Fat and healthy: In which there are scare quotes.

J and I got our typical Tuesday weight-lifting session in today. I continued my No Cheating pledge and tried 15 reps, and things went okay. The way J increases the weight he’s lifting is: he starts out with 10 reps at a weight, and then he adds more reps until he gets to 15, then once he can do 15 reps he increases the weight and goes back down to 10. That seems like a reasonable way to do it, doesn’t it? I should try it.

I’m a scientist and a skeptic; I trust the scientific method and generally disavow all sorts of woo, especially health-related woo. So I often have people say to me, “Science says that being fat is unhealthy! How can you think it’s possible to be healthy and fat?”

An important part of scientific reasoning is that a matter isn’t settled as long as there are contradictory observations. So “fat isn’t healthy” and “some fat people are healthy” can’t coexist– the latter disproves the former. At that point, the counter-argument goes either “not fat enough” or “not healthy enough”– which points to the fact that our definitions of “fat” and “healthy” are completely arbitrary anyway!

“But what about the literature? All the studies say…” At this point I start to sound a little crazy perhaps, as I point out that many studies are funded by companies that make weight loss products and bariatric surgery products, as well as being performed by doctors
whose stock and trade is in weight loss. (The diet industry is a nearly $60 billion a year industry!) If getting our bodies to an “acceptable” size was as simple as “Move more, eat less”, dieters would be successful all over the place. They’re not, so obviously we don’t have the whole picture here.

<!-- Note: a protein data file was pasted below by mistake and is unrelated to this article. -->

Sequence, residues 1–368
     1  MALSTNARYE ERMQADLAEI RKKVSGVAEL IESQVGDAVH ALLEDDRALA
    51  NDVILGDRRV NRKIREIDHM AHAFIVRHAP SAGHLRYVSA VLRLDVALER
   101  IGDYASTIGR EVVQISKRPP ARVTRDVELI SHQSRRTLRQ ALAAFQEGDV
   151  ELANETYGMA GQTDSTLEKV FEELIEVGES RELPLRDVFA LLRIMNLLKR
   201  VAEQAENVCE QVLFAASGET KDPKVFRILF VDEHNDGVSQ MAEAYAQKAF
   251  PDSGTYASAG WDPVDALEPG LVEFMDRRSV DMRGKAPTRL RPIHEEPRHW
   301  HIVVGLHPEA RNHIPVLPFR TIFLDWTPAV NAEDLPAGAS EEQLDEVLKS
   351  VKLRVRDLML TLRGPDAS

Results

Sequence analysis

Then comes “Our society is sick! We are eating all the wrong things and not moving enough.” Once again I have to pull myself out as a data point; I eat fairly well (not quite “clean” as the lingo goes, but most of my meals are home-cooked meals made of “real food”) and exercise plenty, and guess what: still fat!

I count myself as a healthy fat person data point; want to see the results of my last bloodwork? I’m not a huge fan of using myself as a data point since that’s not very objective, but I’m the person I know best, and this is my experience. So I apologize for the anecdata.

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2 Responses to Fat and healthy: In which there are scare quotes.

  1. wriggles says:

    “How can you think it’s possible to be healthy and fat?”

    How do you respond to the fact that if fatness is defined by (scientists?) as ‘obesity’ and as a disease in itself, that technically a fat person cannot declare themselves “healthy” (I’ll define it here as an absence of disease) regardless of other health measures , not because of public prejudice, but because of the definition of ‘obesity’ itself?.

    • G says:

      As far as I know, obesity is not yet considered a disease in the technical usage. (The IRS does classify it as a disease for the purpose of writing off diet programs as medical expenses, but for example Medicare does not cover treatments to reduce weight unless prescribed by a doctor for a related condition. Sorry for the USian perspective here– this probably varies by country.) Fatness may be a symptom of disease, and there is a strong correlation between obesity and certain diseases, but it isn’t a disease itself.

      I think that there is a strong tendency in health reporting (and science reporting in general) to take shortcuts and be sensationalistic, which makes for interesting stories lacking in facts.

      And you’re totally right– if we define obesity as a disease, then all fat people have a disease. (I pity the person whose weight fluctuates such that his BMI oscillates around 30– he’s never sure if he has a disease or not!) Luckily we’re not there yet.

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